Secondly, Indian federalism is increasingly competitive at the economic and fiscal level. Allegations of political considerations influencing the quantum of financial transfers from the Centre to the State Governments have been made. Some have even questioned the constitutional division of the powers of taxation. International Grants-in-Aid and competitive seeking of investments by State Governments have queered the pitch. The challenge of placing fiscal transfers in a transparent and rule based framework is pressing. The nature of central intervention in reducing the debt of State Governments and correcting developmental imbalances should also be addressed. It is hoped that the 13th Finance Commission, constituted in November 2007, would suggest solutions to these grievances.
Thirdly, the devolution of functions, finances and functionaries to Panchayati Raj institutions has been, in the words of Minister Mani Shanker Aiyar, “uneven, fitful and subject to reversal”. Fifteen years have passed since the 73rd and 74th Constitutional Amendments and the time has come for both the Central and State Governments to deliver on their pledges of decentralization and grassroots empowerment.
A prerequisite for the satisfactory delivery of these and other correctives is what Shri Krishan Kant called ‘good politics’. The problem had been anticipated by Dr. Ambedkar. I can do no better than to recall his words : ‘The working of the constitution does not depend wholly upon the nature of the Constitution. The constitution can provide only the organs of the state such as the Legislature, the Executive and the Judiciary. The factors on which the working of those organs of the state depends are the people and the political parties they will set up as their instruments to carry out their wishes and their politics. Who can say how the people of India and their parties will behave?’
Where do we stand today? There is a pervasive sense of pessimism about the efficacy of institutions. A performance audit would show that the instrumentalities at the disposal of our legislatures have either been blunted or become dysfunctional. The single most important issue of concern is the decreasing credibility of our legislatures as effective institutions capable of delivering public good and contributing to effective formulation of laws and public policy.
In regard to the executive, the balance between its political and professional components has been disturbed; this is evident in the functioning of the civil service and particularly of the police. Thus ‘the myth of authority’, on which the power of the State depends, has been dented and has resulted in what has been called ‘executive under reach’. Even the judiciary has not been immune to allegations of corruption and concern has been expressed about the absence of a mechanism of accountability other than the process of impeachment.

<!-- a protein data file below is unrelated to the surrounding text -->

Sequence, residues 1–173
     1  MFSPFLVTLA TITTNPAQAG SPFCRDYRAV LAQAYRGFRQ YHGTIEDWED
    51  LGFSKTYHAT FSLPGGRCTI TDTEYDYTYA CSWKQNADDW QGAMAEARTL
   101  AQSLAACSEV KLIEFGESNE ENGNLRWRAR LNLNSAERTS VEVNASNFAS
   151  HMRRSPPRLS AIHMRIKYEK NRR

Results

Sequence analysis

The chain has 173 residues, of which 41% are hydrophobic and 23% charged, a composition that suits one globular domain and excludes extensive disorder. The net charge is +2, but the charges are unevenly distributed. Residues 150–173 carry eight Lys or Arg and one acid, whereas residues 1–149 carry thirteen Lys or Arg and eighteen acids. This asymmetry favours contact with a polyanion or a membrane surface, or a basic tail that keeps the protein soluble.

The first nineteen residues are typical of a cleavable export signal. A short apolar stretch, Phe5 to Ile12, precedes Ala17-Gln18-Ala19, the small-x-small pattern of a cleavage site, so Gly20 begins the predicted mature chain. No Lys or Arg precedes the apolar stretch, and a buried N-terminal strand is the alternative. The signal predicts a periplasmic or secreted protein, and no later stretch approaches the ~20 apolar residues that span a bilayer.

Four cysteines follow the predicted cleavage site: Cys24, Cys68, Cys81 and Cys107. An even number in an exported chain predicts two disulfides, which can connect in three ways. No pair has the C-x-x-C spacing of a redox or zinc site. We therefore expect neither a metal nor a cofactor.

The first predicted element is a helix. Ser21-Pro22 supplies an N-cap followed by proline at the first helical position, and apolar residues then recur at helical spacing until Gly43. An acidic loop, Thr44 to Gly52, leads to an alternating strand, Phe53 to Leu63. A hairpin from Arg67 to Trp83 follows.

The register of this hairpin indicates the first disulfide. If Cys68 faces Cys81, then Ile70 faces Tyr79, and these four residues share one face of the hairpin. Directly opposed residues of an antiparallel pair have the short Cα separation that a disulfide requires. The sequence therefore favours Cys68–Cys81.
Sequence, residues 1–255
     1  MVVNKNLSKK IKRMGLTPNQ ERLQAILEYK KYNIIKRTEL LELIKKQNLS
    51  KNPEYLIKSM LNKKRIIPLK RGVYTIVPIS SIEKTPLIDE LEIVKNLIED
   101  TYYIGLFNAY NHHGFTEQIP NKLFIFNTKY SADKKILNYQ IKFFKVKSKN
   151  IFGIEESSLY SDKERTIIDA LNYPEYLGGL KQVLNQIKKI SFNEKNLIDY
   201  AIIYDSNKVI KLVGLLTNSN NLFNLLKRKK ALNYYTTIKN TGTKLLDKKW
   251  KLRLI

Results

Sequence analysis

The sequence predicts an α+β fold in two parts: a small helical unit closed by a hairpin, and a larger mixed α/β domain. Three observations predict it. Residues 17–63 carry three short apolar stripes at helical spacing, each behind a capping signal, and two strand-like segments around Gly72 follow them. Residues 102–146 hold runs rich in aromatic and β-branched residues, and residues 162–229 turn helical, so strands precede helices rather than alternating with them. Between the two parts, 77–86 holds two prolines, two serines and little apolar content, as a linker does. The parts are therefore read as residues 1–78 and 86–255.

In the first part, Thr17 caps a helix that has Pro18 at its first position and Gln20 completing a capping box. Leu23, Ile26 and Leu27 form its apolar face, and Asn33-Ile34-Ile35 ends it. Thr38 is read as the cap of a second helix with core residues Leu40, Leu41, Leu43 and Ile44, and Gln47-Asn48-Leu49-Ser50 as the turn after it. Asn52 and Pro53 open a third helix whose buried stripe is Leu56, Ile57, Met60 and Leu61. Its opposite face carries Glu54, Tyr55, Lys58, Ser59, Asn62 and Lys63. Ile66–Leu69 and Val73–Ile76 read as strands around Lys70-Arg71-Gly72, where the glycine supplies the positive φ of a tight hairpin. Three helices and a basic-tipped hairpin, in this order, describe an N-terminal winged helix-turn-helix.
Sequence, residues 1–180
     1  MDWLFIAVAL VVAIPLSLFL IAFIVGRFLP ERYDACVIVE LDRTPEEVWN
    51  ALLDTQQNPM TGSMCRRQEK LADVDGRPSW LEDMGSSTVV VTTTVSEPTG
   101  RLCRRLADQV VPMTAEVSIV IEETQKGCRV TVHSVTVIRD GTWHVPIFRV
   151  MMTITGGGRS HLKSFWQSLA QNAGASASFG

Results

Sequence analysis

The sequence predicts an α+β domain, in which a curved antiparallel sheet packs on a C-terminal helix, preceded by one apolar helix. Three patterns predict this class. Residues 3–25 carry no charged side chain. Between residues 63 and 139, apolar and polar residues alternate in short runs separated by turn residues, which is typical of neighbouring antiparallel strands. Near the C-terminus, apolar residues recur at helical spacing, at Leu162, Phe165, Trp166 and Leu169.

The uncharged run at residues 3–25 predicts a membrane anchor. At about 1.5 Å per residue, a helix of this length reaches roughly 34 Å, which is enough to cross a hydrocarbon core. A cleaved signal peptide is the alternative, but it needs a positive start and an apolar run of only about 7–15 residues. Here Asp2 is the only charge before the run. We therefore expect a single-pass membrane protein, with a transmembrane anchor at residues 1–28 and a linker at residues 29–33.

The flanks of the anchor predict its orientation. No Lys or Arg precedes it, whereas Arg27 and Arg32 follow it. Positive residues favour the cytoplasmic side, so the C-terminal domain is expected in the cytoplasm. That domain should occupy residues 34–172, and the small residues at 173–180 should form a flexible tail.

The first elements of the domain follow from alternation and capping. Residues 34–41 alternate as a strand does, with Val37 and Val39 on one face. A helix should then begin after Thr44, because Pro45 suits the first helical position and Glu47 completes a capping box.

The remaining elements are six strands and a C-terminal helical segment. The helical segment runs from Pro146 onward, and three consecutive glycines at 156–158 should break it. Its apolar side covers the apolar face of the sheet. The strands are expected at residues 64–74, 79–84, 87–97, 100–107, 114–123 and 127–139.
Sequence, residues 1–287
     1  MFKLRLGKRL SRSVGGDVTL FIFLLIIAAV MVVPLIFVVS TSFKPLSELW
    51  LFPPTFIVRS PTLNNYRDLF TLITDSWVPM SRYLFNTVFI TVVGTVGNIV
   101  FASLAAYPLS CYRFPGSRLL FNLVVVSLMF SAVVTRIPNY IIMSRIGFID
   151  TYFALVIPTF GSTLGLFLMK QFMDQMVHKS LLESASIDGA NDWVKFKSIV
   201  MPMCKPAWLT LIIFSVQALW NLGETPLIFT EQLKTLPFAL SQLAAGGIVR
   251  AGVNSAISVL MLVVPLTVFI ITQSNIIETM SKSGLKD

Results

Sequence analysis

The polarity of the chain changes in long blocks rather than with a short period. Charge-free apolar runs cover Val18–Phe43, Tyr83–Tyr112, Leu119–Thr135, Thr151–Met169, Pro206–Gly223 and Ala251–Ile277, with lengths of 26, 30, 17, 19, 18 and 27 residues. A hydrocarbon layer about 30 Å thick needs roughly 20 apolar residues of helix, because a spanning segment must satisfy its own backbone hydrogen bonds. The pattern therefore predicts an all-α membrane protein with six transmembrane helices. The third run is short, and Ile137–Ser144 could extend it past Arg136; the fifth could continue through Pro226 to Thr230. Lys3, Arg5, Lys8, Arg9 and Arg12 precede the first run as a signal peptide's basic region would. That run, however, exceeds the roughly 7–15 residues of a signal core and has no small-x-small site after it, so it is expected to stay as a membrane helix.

A less scrutinized aspect of the functioning has been the role of political parties in the promotion or otherwise of democratic and federal functioning. Did Ambedkar have a premonition on this count too? More disturbing questions have also been raised. Is representative government the same as responsive government? Do practices of governance satisfy the requirements of rule of law?
Three years back, a senior law officer of the Government addressed this question candidly and concluded that the Rule of Law in India is under serious threat, that there is widespread popular disillusionment, that there are cancerous developments eating into the fabric of each of the state institution and each is destroying itself from within, and that if these trends are not arrested, they are bound to be destructive of the Indian State in the long run.
In a similar vein but commenting on the wider picture, civil society groups in the country and abroad have observed that ‘the rule of law in India is in a downward spiral’ and that the primary responsibility for it lies with the ‘delayed justice dispensation system’.
Surveying the functioning of our democracy, political scientist Pratab Bhanu Mehta notes that “the lines between legality and illegality, order and disorder, state and criminality have come to be increasingly porous”. Mehta sums up with a line from the poet Yeats: ‘The best lack all conviction, while the worst are full of passionate intensity’.
Dismal though the picture may be, it cannot be allowed to dampen the will. In the final analysis, therefore, there is no option but to go back to Gandhiji’s dictum that politics without principle is a sin. Only this can be the basis of good politics; only good citizens can bring it about; only this will retain and sustain the spirit of the Constitution and lead to the fulfilment of its objectives.
I thank the Servants of the People Society for having invited me today. I wish them success in their work. Let me end where I began – on Krishan Kantji. A line from an Urdu couplet provides an appropriate epitaph:
Kya khoob aadmi tha khuda maghfirat kare.”